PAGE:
viernes, 18 de mayo de 2012

Particularly Dangerous Salmonella Discovered

The new Salmonella strain is up to 100 times more capable of causing disease.
Salmonella enterica is a significant food-borne pathogen of humans causing up to an estimated 1.3 billion cases of disease worldwide, annually. The diversity of salmonellae present on farms and feedlots, and the potential for different serovars to possess an array of virulence attributes, necessitates the use of broad prophylactic strategies that are efficacious for many serovars simultaneously.
Hyper-infectious Salmonella are among the most virulent of this species; restricted to certain serotypes; and more capable of killing vaccinated animals. Such strains exhibited rapid (and rapidly reversible) switching to a less-virulent state accompanied by more competitive growth ex vivo that may contribute to maintenance in nature. The hypervirulent phenotype was associated with increased microbial pathogenicity (colonization; cytotoxin production; cytocidal activity), coupled with an altered innate immune cytokine response within infected cells.
Gene expression analysis revealed that hyper-infectious strains display altered transcription of genes, conferring changes in the expression of classical Salmonella virulence determinants (e.g., SPI-1; SPI-2 effectors) and those involved in cellular physiology/metabolism (nutrient/acid stress).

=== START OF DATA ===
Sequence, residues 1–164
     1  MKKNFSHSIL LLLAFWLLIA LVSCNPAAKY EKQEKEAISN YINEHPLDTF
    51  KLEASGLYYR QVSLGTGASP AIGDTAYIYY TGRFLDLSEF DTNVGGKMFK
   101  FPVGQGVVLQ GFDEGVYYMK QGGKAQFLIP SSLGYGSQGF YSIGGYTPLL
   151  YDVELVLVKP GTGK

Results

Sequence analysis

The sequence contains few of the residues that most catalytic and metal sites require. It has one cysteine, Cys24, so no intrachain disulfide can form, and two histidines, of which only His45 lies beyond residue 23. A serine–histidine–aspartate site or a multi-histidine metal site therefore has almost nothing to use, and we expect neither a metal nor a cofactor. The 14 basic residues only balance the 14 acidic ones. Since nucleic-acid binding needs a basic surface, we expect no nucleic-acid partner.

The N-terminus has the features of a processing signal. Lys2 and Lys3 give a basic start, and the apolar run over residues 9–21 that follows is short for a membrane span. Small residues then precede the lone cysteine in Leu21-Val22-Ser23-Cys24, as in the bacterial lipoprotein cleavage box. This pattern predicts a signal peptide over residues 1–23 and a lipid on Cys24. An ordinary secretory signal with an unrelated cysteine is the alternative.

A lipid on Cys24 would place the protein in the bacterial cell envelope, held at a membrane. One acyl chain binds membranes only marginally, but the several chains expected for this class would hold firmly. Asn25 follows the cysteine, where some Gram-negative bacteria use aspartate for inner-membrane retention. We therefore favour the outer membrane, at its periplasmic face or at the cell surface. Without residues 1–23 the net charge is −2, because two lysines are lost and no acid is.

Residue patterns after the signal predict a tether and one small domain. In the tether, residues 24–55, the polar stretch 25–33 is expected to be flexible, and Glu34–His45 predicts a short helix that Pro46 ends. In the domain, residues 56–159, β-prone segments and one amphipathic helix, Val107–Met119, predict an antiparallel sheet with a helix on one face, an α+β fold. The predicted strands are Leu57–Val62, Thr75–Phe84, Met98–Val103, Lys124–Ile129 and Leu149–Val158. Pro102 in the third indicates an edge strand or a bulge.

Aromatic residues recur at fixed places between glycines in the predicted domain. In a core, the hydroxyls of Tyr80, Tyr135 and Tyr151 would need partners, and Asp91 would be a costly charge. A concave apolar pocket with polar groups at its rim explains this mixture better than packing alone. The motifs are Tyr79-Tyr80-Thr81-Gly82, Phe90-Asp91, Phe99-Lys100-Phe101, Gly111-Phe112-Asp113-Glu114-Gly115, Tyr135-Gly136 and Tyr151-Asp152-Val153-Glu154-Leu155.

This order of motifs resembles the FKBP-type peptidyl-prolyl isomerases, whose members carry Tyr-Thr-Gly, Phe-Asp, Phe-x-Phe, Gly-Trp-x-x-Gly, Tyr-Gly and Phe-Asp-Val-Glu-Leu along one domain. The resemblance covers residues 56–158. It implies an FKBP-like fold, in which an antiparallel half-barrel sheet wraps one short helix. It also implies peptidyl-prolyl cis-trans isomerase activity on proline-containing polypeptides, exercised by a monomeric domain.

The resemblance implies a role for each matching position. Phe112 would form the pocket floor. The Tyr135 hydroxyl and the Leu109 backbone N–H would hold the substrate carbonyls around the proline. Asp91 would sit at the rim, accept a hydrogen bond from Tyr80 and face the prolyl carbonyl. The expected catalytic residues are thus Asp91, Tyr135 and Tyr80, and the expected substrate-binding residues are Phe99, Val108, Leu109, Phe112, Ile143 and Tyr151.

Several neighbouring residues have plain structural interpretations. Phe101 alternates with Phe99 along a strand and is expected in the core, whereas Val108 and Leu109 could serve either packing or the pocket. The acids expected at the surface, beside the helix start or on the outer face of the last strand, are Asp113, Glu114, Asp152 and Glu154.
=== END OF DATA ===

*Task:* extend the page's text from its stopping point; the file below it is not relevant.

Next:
These "hyper-virulent"Salmonella can override vaccines and pose a risk to food safety. Previous strategies to find the more dangerous bugs were unsuccessful since they behave like a "Trojan Horse" -- exposing their weapons only when causing disease -- but looking much like their less-virulent cousins in the environment.
Now that scientists know what to look for, they are developing methods to discriminate them from their less-virulent cousins. The researchers have been successful in forcing Salmonella to reveal their weapons in the laboratory -- the first step in combating them.
From a farm management perspective, careful consideration must be given to risk-management strategies that reduce emergence/persistence of these hyper-virulent potential food-borne contaminants to safeguard public health and reduce industry-associated losses.

Aporte: Sebastián Pizarro

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